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Opening salvo fired in big ‘joint employer’ lawsuit against NLRB

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in Employment Law,Human Resources

The National Labor Relations Board’s new joint employer standard violates the National Labor Relations Act, according to opening briefs filed by Browning-Ferris Industries in a closely watched lawsuit that seeks to overturn a major NLRB decision.

In 2015, the board ruled that for collective bargaining purposes, Browning-Ferris, a California recycling company, is a joint employer along with Leadpoint, a temp agency that supplies its workers. That’s a looser definition than the NLRB applied before. Browning-Ferris argues that, unlike Leadpoint, it does not exert “direct and immediate control” over the workers. Therefore, it contends, it cannot be a joint employer.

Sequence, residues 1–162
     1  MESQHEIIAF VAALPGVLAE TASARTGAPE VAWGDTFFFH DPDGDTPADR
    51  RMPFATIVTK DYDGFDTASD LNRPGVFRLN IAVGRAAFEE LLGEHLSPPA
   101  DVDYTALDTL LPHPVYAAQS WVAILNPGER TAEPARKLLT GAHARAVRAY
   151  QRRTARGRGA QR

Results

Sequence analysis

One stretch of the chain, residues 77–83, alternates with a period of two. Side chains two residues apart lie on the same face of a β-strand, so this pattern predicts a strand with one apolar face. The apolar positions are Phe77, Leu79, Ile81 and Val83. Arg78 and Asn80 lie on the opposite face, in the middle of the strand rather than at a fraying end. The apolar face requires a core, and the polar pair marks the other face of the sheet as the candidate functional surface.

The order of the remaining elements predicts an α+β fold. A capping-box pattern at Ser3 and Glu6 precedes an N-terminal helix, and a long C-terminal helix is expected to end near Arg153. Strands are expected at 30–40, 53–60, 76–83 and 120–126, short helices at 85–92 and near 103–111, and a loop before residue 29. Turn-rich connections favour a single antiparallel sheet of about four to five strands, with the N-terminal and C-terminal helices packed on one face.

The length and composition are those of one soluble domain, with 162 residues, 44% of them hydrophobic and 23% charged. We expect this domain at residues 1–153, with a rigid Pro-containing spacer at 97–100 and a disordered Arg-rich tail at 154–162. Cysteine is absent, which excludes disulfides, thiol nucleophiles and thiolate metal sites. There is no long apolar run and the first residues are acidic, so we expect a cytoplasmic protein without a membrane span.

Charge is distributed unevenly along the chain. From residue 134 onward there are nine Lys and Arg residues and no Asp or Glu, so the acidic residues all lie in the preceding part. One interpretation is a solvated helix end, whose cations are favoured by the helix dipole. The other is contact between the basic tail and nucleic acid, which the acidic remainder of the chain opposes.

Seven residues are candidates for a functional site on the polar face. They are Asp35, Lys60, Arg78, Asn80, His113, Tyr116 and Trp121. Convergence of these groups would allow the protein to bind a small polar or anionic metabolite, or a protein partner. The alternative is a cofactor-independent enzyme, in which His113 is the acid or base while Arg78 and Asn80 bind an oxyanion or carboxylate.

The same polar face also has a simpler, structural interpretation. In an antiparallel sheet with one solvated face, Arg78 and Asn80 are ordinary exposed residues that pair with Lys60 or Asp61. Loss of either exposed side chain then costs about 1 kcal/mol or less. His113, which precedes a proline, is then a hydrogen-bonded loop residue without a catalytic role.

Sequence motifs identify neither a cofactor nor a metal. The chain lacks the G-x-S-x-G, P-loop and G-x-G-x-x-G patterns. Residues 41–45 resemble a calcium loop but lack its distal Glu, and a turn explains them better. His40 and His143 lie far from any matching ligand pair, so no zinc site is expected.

The NLRB used its Browning-Ferris decision to launch a sweeping attack on employer/contractor and franchiser/franchisee relationships, arguing that both parties may be liable for any unfair labor practices.

The lawsuit, being heard in the District of Columbia Circuit Court of Appeals, began June 7.

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